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EASC Newsletter

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A publication of the East Asian Studies Center, Indiana University

June 2010

Student Updates

Undergraduate Award Winners

Congratulations to the following undergraduate EALC majors who have received EALC scholarships:

  • Katie Jenkins received the Yasuda Scholarship, which was created in honor of Professor Emeritus Kenneth Yasuda for undergraduates demonstrating excellence in Japanese studies.

  • Jackson Boyar, Chinese; Jordan Green, Japanese; and Jaimie Yang, Korean were awarded Uehara Scholarships. This scholarship was created in honor of the late professor Toyoaki Uehara for undergraduates showing excellence in East Asian studies.
  • Erika Gustafson received the Gines Scholarship, an award given by James Gines and his wife, Noriko, to undergraduates combining excellence in an East Asian language with excellence in professional school studies.
  • Allesandra Watson received the Paul Nutter Memorial Scholarship. This scholarship is in memory and honor of Paul Nutter, an EALC Japanese major, for students in any East Asian language demonstrating the same heart and commitment to learning that Paul expressed.
  • Joanna Fearing was awarded the Korean Visiting Scholars’ Award. This award was made possible by the IU Korean Visiting Scholars Association and was established to help promote excellence in the study of Korean language and culture.

The following EALC undergraduates received EASC prizes for excellence in East Asian studies: Caleb Maxson (EALC and Finance)—the SOFOKS Award for Korean Studies; Emilia Blaser (EALC and Chemistry)—the Alpine Prize for Japanese Studies; and Patrick Johndro (EALC)—the Undergraduate Award for Chinese Studies. Caleb graduated in May with Highest Distinction and with Honors. Emilia also graduated in May with Highest Distinction and will begin studies at the IU School of Dentistry in Indianapolis. Patrick is a rising junior and is studying Chinese this summer at the Associated Colleges in China program in Beijing. Congratulations to all for their hard work!

Summer 2010 FLAS Awards

EASC awarded four summer Foreign Language and Area Studies (FLAS) fellowships this year to undergraduates in the IU Chinese Flagship Program:

  • Jackson Boyar (EALC) is using his FLAS to study 5th-year Chinese at the Princeton in Beijing program. Jackson also received a FLAS travel grant to cover his travel to China.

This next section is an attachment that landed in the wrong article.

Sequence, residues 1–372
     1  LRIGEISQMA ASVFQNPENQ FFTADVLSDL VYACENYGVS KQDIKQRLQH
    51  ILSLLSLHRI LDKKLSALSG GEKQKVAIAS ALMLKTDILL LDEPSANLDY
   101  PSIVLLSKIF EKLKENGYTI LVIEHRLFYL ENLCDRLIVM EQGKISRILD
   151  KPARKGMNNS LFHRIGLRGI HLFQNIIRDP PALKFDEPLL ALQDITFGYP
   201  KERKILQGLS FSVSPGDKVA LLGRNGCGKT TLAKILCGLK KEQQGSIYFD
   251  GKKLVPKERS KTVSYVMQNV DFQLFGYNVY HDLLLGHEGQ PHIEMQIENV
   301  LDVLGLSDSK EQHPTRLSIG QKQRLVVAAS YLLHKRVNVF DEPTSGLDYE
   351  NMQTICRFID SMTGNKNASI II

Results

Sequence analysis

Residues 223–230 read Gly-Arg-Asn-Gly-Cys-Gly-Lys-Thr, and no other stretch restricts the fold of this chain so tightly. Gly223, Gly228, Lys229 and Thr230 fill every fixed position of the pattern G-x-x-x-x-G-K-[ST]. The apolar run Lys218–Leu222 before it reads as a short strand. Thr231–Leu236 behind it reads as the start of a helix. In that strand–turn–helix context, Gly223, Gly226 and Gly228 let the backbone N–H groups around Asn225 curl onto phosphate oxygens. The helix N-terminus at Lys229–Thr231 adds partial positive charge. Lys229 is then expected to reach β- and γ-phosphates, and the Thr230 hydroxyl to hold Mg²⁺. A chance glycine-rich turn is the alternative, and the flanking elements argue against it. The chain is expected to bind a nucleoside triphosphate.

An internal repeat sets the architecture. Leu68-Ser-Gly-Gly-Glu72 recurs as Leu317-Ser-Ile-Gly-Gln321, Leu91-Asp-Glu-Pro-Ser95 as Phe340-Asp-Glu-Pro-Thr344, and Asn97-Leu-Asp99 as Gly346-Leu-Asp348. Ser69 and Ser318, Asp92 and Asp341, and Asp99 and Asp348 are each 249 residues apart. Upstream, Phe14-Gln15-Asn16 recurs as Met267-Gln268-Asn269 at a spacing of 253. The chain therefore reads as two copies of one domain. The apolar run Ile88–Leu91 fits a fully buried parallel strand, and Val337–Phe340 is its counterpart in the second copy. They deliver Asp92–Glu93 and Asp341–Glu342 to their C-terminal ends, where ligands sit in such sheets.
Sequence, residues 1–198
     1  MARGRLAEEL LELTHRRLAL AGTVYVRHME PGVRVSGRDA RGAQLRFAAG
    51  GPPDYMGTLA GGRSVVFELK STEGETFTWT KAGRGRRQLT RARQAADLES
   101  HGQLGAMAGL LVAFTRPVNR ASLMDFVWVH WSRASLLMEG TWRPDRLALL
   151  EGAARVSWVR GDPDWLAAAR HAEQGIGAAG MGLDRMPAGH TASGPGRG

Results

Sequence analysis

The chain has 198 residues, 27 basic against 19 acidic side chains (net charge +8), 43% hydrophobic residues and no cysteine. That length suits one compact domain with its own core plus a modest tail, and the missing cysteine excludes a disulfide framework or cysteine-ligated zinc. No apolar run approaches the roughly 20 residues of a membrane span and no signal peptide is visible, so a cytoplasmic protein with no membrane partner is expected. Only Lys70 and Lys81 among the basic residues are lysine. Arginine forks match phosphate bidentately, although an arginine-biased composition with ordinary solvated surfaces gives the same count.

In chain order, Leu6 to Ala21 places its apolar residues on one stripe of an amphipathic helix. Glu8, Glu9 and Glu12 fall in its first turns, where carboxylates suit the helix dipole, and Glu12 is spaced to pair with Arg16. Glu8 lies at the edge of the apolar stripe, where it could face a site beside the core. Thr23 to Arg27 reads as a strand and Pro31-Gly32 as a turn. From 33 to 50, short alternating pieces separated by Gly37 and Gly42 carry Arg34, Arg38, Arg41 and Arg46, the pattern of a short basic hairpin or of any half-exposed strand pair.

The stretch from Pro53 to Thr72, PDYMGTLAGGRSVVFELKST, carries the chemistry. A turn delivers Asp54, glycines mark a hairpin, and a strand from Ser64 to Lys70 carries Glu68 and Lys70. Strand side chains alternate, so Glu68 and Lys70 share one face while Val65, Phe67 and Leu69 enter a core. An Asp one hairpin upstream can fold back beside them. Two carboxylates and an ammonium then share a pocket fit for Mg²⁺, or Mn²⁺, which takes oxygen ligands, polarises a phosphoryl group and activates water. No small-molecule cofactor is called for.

• Brian Inlow (EALC and International Studies) is pursuing 2nd-year Chinese at the IU Flagship Chinese Institute in Bloomington.
  • Luke Martineac (International Business and Business Economics and Public Policy) is spending his summer studying 5th-year Chinese at the Princeton in Beijing program. Luke also received a FLAS travel grant to cover travel costs.
  • Max Wallace (Chemistry) is studying 3rd-year Chinese at the IU Flagship Chinese Institute in Bloomington.
Other Student News

Xin Fan (History) received a 2010-11 Future Faculty Teaching Fellowship from the University Graduate School and will be teaching at Indiana University-Purdue University Fort Wayne starting in the fall. In January he received a travel grant from the Chinese University of Hong Kong to present a paper titled “Beyond History and Politics, Debates on the Asiatic Mode of Production in World-Historical Writing of the People’s Republic of China.” He also presented a paper for the Asia Pacific Week at the Australian National University (ANU) in Canberra on “Who Killed Homer in China: Scholarship, Politics, and Culture” for which he received a grant from the ANU-IU Pan Asia Institute.

Abraham Gerber (EALC) is participating in the Associated Colleges in China (ACC) Field Studies Program on a Luce Foundation Fellowship and a Fulbright travel grant. The ACC Field Studies Program combines field experiences in rural China with advanced language courses in a seven-week total immersion program for advanced students of Chinese.

Lesley Ham (Folklore and Ethnomusicology and Journalism) was the curator of an exhibition at the Lilly Library in April and May titled “From Cai Lun to Ukiyoe: Paper and Print in East Asia.” Read more about it here.

This year Erik Hammerstrom (Ph.D., Religious Studies) was a Mellon Fellow at the Needham Research Institute at the University of Cambridge, where he led a text-reading seminar and presented his paper “Buddhist Promotion of Revolutionary Science in Post-May Fourth China” at the Genealogies of Science in Asia: Cross-Cultural Appropriation Conference. In February Erik successfully defended his dissertation titled “Buddhists Discuss Science in Modern China (1895-1949)” and passed with departmental honors. He received his Ph.D. in March and has accepted a tenure-track position in the Department of Religion at Pacific Lutheran University in Tacoma, WA. In June Erik’s first article, “The Expression ‘The Myriad Dharmas Are Only Consciousness’ in Early 20th-Century Chinese Buddhism” will appear in the Chung-Hwa Buddhist Journal. In addition, he presented “Wáng Xiǎoxú’s 王小徐 (1875-1948) Kēxué zhī gēnběn wèn  科學之根本問題 (Basic Problematics of Science): Science and the Development of a Modern Buddhist Worldview” for the text-reading seminar at the Needham Research Institute and presented “Are All Worldly Things Evolving or Regressing?: Use of Evolution among Chinese Buddhists in the 1920s” at IU’s Religious Studies Graduate Conference, “Religion, Nature, and Innovation” which was held in February.